MONDAY MEDS (Meditations) [During the current COVID-19 crisis, each Monday I’m posting chapters from a manuscript (“GREAT SOULS,GREAT PRAYERS”) as a potential source of hope, encouragement, and resolve. Partake, use, and/or share the postings as you see fit, as a resource for prayer, meditation, and/or contemplation. Each posting contains a week’s worth of suggestions for use. Follow the suggestions or the leadings of your own creativity. Here’s MONDAY MED #28.]


Mohandas K. Gandhi, known the world over as “Mahatma” (Great Soul), was one of the most exceptional spiritual and political leaders human history has ever witnessed. Trained as a lawyer, schooled in the classics of Western literature, steeped in political theory and praxis, undergirded by the rituals and traditions of Hinduism, acquainted with all manner of religious practices and spiritual disciplines, Gandhi would become the father of the world’s largest democratic nation and the progenitor of startlingly fresh and new ways of thinking about human progress.

E. Stanley Jones regarded the task of summing up Gandhi’s life and legacy as an impossible assignment, “like trying to interpret Mount Everest,”(1) and yet biographies and assessments of Gandhi’s life and legacy continue unabated. New and significant books about Gandhi are published annually, with the hopes of grasping, somehow, one more dimension of the little man with a mind as large as the globe and a heart as wide as the cosmos.(2)

Esteem for Gandhi was captured in the various names given to him. India’s first Nobel laureate Rabindranath Tagore gave him the sobriquet “Mahatma,” a Sanskrit term meaning “Great-Soul,” to describe who Gandhi had become to the Indian people. “Gandhiji” was the affectionate designation of respect given to him by hundreds of millions of the destitute poor and the elite leaders all over India. “Bapu” (meaning “Father”) was a favorite of close associates, regardless of their ages, and the masses, because he was the father of a movement for freedom and dignity, nonviolence as a strategy for change, and eventually the nation of India itself. Whatever he has been called, perhaps Albert Einstein put it best when he wrote, on the occasion of Gandhi’s 70th birthday, “Generations to come, it may be, will scarce believe that such a one as this ever in flesh and blood walked upon this earth.” (3)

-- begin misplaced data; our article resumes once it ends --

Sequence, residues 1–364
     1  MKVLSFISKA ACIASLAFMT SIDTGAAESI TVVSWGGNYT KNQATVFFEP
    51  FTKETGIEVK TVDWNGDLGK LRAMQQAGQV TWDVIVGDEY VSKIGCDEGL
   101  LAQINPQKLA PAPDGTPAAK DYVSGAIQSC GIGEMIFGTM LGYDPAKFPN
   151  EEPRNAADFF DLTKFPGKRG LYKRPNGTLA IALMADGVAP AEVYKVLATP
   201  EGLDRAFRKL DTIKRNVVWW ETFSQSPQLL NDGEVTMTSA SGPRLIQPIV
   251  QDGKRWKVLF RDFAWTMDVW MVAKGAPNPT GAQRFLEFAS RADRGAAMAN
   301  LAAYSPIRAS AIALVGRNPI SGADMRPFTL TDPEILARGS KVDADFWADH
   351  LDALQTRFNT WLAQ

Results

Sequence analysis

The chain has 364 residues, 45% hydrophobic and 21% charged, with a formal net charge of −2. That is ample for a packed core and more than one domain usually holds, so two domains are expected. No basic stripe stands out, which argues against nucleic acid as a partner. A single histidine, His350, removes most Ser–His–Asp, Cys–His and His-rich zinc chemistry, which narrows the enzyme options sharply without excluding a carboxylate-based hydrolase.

While never abandoning his origins as a Hindu, Gandhi was eclectic in his learning and religious practices. He was intimately familiar with the scriptures of all the world’s great religions. He carried on a lively correspondence with Leo Tolstoy about the practical and theological implications of non-violence. A Trappist monastery was a model for one of his ashrams in South Africa. When asked by an interlocutor, “What do you think of Western civilization?,” he famously replied, “I think it would be a great idea.”

Beginning during his time in South Africa, Gandhi collected an interfaith gathering of prayers and songs which he eventually translated into English and used as a prayer book/hymnal, Ashram Bhahanavali, for the twice daily prayer sessions at his Satyagraha ashram in India.(4) Among Gandhi’s favorite Christian hymns were ”When I Survey the Wondrous Cross” and ”Lead Kindly Light.” Among Gandhi’s lastingly important religious distinctives were his fidelity and loyalty to certain ideals and spiritual commitments.